Bodhidharma — monk who brought Buddhism to China. Bodhisattva — enlightened being who remains in this existence to help others, a saint. Brahma — the supreme deva, who convinced Buddha to teach. Brahma vihara — four “sublime states” of the boddhisattva: Maitri, Karuna, Mudita, Upeksa. Buddha — The awakened one, the enlightened one. Ch’an — Chinese for Zen Buddhism. Chandaka — Buddha’s squire, who helped him leave his princely life. Ching-T’u — Chinese for Pure Land. Citta — basic mind or consciousness Citta-matra — mind only, idealism Dalai Lama — the leader of Tibetan Buddhists. Deer Park — where Buddha gave his first sermon, in Sarnath, near Benares, to the five sadhus. Dependent origination — “one thing leads to another,” all is connected. Devadatta — Buddha’s “evil” cousin. “Theodore.” Devas — gods. Dhamma — Pali for dharma. Dharma (dhamma) — the teachings of the Buddha. Dharmakaya — Buddha-mind, the pervasive essence Dharmas — ultimate elements of the universe (not dharma as in teachings!) Dhyana (ch’an, zen) — meditation. Dogen (1200-1253) — monk who brought Soto Zen to Japan. Duhkha (dukkha) — suffering, distress, lack of peace. First noble truth. Dzogchen — Tibetan tantric techniques for rapid enlightenment. Dvesha (dosha) — hatred, anger, avoidance. Eightfold Path — right view, aspiration, speech, action, livelihood, effort, mindfulness, concentration. Five sadhus — the five ascetics who practiced self-mortification with the Buddha. Flower Adornment School — a sect which attempted to consolidate all forms of Buddhism. Also known as Hua-Yen or Kegon. Gandharvas — angelic beings who provide the gods with music. Gati — realm. Used to refer to the six realms (gods, titans, humans, animals, ghosts, and demons) Gautama (Gotama) — Buddha’s family name. Hinayana — southern Buddhism (“small or lesser vehicle or journey”). Ho-tei — Japanese name for Pu-tai Indra — a major deva, originally the Hindu sky god. Jodo, Jodoshin — Japanese for Pure Land. Kalpa — millions of years, an eternity. Kamma — Pali for karma. Kanthaka — Buddha’s horse. Kapilavastu — Shakyan capital, where Buddha grew up. Karma (kamma) — intentional or willed act. Karuna — compassion or mercy, the special kindness shown to those who suffer. One of the four brahma vihara. Kashinagara — were Buddha died (near Lumbini), in a grove of sala trees. Koan — a very brief story demonstrating the paradoxical nature of dualistic thinking. Used in Zen meditation. Kwan Yin , Kwannon — Chinese and Japanese names for Avalokiteswara. Lama — Tibetan tantric master, now often used to refer to any respected monk. Lumbini Grove — where Buddha was born, during his mother’s trip to her parents home. Madhyamaka — middle way, negative logic, not this — not that Mahakyashapa — the monk who understood the silent sermon and led the first council. Mahamaya, or Mayadevi — Buddha’s mother, who died seven days after his birth Mahaprajapati — Buddha’s aunt and stepmother, founder of Buddhist nuns. Mahayana — northern Buddhism (“large or greater vehicle or journey”). Maitreya — the future Buddha, who will be born 30,000 years from now. Maitri — caring, loving kindness displayed to all you meet. One of the four brahma vihara. Manas — I-consciousness, mind, intelligence Mandala — a complex, circular, symmetrical image used in meditation Mantra — a phrase or syllable repeated during meditation Mara — a deva associated with death and hindrances to enlightenment. It was Mara who tempted Buddha under the bodhi tree. Marga — the path, track. The eightfold noble path. Fourth noble truth. Metta — Pali for Maitri. Mudita — sympathetic joy, being happy for others, without a trace of envy. One of the four brahma vihara. Mudra — symbolic hand positions Nagarjuna — monk who developed Madhyamaka in India about 150 ad. Nagas — great serpents (or dragons, or water creatures). The king of the Nagas protected Buddha from a storm. Narakas — demons (hell beings) Nibbana — Pali for nirvana. Nichiren — Japanese school popular in west, and the name of its founder. Emphasizes chanting. Nirmankaya — Gotama, the historical Buddha. Nirodha — containment of suffering. Third noble truth. Nirvana (nibbana) — liberation, enlightenment, release from samsara. Pali — a language related to Sanskrit in which the earliest scriptures were recorded in Sri Lanka. Pali canon — see the Tripitaka. Pancha shila — five moral precepts: Avoid killing, or harming any living thing; Avoid stealing; Avoid sexual irresponsibility; Avoid lying, or any hurtful speech; Avoid alcohol and drugs which diminish clarity of consciousness. Pañña — Pali for prajña Pitaka — basket, referring to the Tripitaka or scriptures. Prajña (pañña) — wisdom. Prajña — goddess of knowledge. Buddha’s mother was considered an incarnation. Prajñaparamita — a massive collection of Mahayana texts, including the Heart and Diamond Sutras. Prateyaka-buddha — solitary realizer. Pretas — hungry ghosts. Puja — ceremony in which offerings and other acts of devotion are performed. Pu-tai — the laughing buddha, chinese monk, incarnation of Maitreya Pure Land — Chinese/Japanese sect, emphasizing worship of Amitabha Buddha. Ching- T’u, Jodo and Jodoshin. Rahula — Buddha’s son. Rinzai Zen — a Zen sect that makes extensive use of koans. Rupa — form, the physical body and senses Samadhi — meditation. Samatha — Pali for Shamatha. Sambhogakaya — Buddha as a deva or god. Samjña — perception Samsara — the wheel of cyclic existence, birth-life-suffering-death-rebirth… Samskara — mental formations (emotions and impulses) Samudaya — arising or root of suffering. Second noble truth. Sangha — the community of monks and nuns. Sanskrit — an early language of northern India, modified and used as a religious language by some Buddhists. Sanzen — interview with a master in Zen Buddhism Sati — Pali for smrti. Satori — Zen term for enlightenment. Shakyamuni — Sage of the Sakyas, a name for the Buddha. Shakyas — a noble clan, ruled an area of southern Nepal. Shamatha (samatha) — “calm abiding,” peacefulness. Shikantaza — mindfulness meditation in Zen Buddhism. Shila (sila) — morality. Shravaka — “hearer,” one who needs the help of others to become enlightened. Shrota-appana — “stream-winner” (only seven more rebirths!). Shuddodana — Buddha’s father. Shunyata — emptiness, lack of inherent existence of “own nature.” Siddhartha Gautama — “He who has reached his goal.” Sila — Pali for shila. Six realms — realms of the gods, asuras, humans, animals, pretas, narakas. Skandhas — parts of the self. Smrti (sati) — mindfulness, meditation. Son — Korean for Zen Buddhism. Soto Zen — A Zen sect emphasizing Shikantaza meditation Sthaviravada — Sanskrit for Theravada, “way of the elders” Sujata — the village girl who gave Buddha milk-rice. Sukhavati — Sanskrit for Blissful Land, the “Pure Land” of Amitabha. Sutra (sutta) pitaka — sacred texts, sayings of the Buddha. Tantra — yogic, magico-ritual form. Taras — a set of 21 female saviors, born from Avalokiteshwara’s tears. Green Tara and White Tara are the best known. Tathagata — “thus gone,” a name for the Buddha. Tendai — see White Lotus School. Thangka — a traditional Tibetan painting of a holy being. The Four Noble Truths: duhkha, samudaya, nirodha, marga. Theravada — “way of the elders,” only surviving form of southern Buddhism. Three bodies — nirmankaya, sambhogakaya, dharmakaya. Three meanings of “Buddha.” Three fires (or poisons) — the causes of suffering. Tipitaka — Pali for Tripitaka. Tripitaka (three baskets) — earliest Buddhist scriptures: Vinaya pitaka, sutra pitaka, abhidarma pitaka. Trishna (tanha) — thirst, craving, desire. Upali — the first person ordained as a monk by the Buddha, a barber, and the monk who remembered the Vinaya or code of the monks. Upeksa (upekkha) is equanimity, levelness, or grace. One of the four brahma vihara. Vajrayana — tantric Buddhism (“thunderbolt vehicle”), esp. Tibetan Buddhism. Vasubandhu — one of two brothers who lived in India in the 300’s ad who developed Yogachara. Vedana — sensation, feeling. Vijñana — consciousness or mind. Vinaya pitaka — discipline basket (code of behavior for monks). Vipaka — “fruit” of willed act, the consequences. Vipashyana (vipassana) — insight, mindfulness. White Lotus School — sect focusing on the Lotus Sutra. Also known as T’ien T’ai or Tendai. Yama — the king of the 21 hells. Yashodhara — Buddha’s wife, whom he married when they were both 16 Yidam — mental image of a god or other entity used for meditation Yogacara (or vijñañavada) — school emphasizing primacy of consciousness Zazen — sitting meditation in Zen Buddhism Zen — a group of Buddhist sects that focus on meditation. Also known as Ch’an, Son, or Dhyana.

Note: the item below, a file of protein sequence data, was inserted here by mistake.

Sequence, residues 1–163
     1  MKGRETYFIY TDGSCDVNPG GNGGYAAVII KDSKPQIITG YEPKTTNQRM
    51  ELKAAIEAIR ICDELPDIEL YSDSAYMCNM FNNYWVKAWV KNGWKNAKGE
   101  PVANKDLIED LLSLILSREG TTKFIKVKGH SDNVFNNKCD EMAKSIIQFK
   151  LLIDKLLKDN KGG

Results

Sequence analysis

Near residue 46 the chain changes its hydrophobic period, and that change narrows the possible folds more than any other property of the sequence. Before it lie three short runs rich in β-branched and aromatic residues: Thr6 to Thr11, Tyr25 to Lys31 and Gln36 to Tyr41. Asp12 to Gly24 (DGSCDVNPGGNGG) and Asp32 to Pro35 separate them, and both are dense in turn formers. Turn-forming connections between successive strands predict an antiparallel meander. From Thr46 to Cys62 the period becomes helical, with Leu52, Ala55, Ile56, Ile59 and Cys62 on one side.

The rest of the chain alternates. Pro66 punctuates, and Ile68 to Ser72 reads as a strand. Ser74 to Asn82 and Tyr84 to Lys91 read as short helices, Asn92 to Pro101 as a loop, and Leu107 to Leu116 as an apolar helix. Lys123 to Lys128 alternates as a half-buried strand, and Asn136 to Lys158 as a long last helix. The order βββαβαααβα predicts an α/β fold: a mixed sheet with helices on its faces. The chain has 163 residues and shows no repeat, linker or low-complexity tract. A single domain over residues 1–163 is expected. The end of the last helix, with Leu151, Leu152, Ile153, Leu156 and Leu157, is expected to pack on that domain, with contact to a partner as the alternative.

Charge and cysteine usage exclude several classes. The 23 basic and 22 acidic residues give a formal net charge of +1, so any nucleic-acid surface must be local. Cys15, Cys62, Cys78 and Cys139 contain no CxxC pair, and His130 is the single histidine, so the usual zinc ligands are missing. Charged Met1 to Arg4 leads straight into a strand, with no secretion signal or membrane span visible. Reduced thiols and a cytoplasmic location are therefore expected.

Written by Bhushan Kulkarni

May 23, 2007 at 11:25 am

Posted in Buddha

Tagged with , ,